The rules guiding bidding and winning a contract is the same for almost any condition one finds oneself. Be it a private contract, a freelance job, a government contract or any other type of job that is thrown open for people in your field to work on. You must always be on top of things and try some of the techniques discussed below to give you an edge of coming out on top and landing the contract.
Sometimes the employer is in a rush and doesn’t have time for too much scrutiny. All he needs is someone who vcan get the job dome and the contract is awarded. He might even be outsourcing himself. So the first five or six people to submit a bid puts themselves in a pole position of landing the contract.
Build relationships beforehand
Identify the organisations you want to do business withand then build relationships with the employers where possible.Ideally before they even think of issuing a tender, send them articles or even ask them to speak at an event. You’re not stalking them, but giving them the opportunity to get to know you, your organisation and the value you can add.
You want them to view you as a trusted adviser. When you respond to one of their tenders, they already know, like and trust you, so you’ve tipped the odds of winning in your favour.
Personalise the bid
Although it’s good to talk about your previous projects in your bud, reduce your generalization rate and talk to the client or their rep as if your good or service is made specifically for them. While personalizing bids for an organization, your bid should suit a group of four people.
The Boss – As the most senior decision-maker, they are interested in results.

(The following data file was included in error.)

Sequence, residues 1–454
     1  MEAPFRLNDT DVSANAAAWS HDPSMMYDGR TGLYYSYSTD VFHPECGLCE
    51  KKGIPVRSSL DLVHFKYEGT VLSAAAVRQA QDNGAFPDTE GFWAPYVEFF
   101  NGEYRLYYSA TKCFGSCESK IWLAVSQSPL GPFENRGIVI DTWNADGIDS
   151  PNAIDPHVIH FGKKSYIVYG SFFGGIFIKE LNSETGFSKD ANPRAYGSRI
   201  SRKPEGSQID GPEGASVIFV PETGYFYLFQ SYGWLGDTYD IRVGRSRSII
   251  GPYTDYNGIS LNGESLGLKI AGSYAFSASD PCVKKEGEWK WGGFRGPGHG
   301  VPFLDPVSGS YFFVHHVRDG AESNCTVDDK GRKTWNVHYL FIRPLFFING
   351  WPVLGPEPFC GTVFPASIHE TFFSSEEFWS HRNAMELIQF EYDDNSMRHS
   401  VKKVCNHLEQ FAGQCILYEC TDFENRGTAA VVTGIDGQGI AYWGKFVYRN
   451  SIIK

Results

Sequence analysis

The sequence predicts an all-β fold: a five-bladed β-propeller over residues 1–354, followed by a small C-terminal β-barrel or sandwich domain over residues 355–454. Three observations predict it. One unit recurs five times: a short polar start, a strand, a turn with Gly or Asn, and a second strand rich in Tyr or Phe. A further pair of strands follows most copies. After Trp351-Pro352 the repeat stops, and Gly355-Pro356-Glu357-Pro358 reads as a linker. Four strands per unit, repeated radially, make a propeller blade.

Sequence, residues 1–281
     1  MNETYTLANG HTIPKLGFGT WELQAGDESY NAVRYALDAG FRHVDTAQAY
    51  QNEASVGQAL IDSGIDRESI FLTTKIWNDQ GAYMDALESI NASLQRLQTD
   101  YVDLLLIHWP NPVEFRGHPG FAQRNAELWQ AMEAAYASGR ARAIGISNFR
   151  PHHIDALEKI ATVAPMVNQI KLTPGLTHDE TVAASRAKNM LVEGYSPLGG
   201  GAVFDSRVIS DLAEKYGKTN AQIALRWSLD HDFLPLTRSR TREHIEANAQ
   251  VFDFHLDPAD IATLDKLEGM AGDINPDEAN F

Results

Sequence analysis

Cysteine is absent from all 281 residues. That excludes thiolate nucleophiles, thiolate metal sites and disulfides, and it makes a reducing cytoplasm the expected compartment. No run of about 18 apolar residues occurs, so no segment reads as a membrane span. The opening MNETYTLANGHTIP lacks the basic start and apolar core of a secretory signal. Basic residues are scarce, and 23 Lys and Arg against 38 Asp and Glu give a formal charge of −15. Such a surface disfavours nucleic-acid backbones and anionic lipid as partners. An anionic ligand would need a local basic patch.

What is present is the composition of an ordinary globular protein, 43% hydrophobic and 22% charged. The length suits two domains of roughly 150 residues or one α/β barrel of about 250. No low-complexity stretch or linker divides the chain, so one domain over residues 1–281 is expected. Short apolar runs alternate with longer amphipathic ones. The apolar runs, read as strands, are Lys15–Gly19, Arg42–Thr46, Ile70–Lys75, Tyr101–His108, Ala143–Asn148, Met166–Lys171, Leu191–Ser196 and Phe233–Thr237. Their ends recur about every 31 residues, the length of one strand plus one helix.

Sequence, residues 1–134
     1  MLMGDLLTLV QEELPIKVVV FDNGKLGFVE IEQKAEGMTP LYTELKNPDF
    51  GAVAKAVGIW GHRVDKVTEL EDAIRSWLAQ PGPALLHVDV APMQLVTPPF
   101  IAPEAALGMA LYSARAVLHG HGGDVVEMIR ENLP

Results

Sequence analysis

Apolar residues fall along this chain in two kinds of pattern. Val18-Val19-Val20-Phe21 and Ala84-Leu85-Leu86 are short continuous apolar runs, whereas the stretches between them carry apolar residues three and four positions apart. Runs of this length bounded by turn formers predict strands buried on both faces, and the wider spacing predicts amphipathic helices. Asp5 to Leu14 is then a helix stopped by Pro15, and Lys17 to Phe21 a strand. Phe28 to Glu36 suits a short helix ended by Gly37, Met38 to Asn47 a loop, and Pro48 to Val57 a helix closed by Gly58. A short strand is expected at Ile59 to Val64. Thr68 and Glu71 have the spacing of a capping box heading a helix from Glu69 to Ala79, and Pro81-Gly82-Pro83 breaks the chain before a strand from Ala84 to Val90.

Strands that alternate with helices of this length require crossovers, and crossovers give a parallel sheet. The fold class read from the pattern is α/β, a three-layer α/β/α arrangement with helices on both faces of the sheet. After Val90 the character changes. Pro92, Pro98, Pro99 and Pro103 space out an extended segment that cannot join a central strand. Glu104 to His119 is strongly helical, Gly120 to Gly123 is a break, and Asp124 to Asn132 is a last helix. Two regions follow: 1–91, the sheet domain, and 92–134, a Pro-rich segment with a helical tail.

The Money Person – Typically the finance director, they will assess your bid in terms of value for money and return on investment.
The Expert – Sometimes cast as the ‘geek’, they will scrutinise the detail of your proposal with their deep technical knowledge.
The End-User – This person wants to know how your product or service will affect them and their team.
Tailor your bid to each one and they’ll be more open to your proposition.
Bid like it’s a project
A bid is a project: it has an output (the bid document or presentation), an outcome (contract award), immovable timescales (submission date), internal milestones (kick-off and review meetings, document drafts, rehearsals, presentation) and a scope (defined by the spec and tender documents). But, like any project, a bid is only as good as the person managing it
Don’t go hyping yourself
To make your bid compelling, talk more about them than you. Every aspect of your bid –structure, language, focus and content — should show you have the employer at heart. Appeal to their self-interest and they’ll be more receptive to your message.
As for language, convert all the features of your product or service into benefits for the buyer. The client is more interested in what they will get when they appoint you, than in what you will do. And summarise all those benefits in a compelling executive summary at the front.
The pitch is your last chance to persuade the client to give you the green light, so ensure they answer ‘Yes’ to these questions about you: ‘Do they offer us more value for money than any other bidder?’, ‘Do they understand us and our business?’, ‘Are they a team?’, ‘Are they keen to work with us?’ and, finally, ‘Can we work with them?’ (The last one’s a deal-breaker.)
Although, bear in mind that the same way you’re asking yourself or your team is the same way your client is asking his/her own team and 75% of clients base their conclusion on perception.
Look before you leap
Assessing your chances of winning and deciding whether or not to bid which is known as ‘pre-qualification’ has the potential of raising your win-rate.
To assess an opportunity, look at four things:
- Is it winnable – do you know all the buyers well enough to tailor your response to them?
- Is it deliverable – can you deliver the contract if you win?
- Is it desirable – does the contract fit with your core business?
- Is it profitable – will you make money out of it?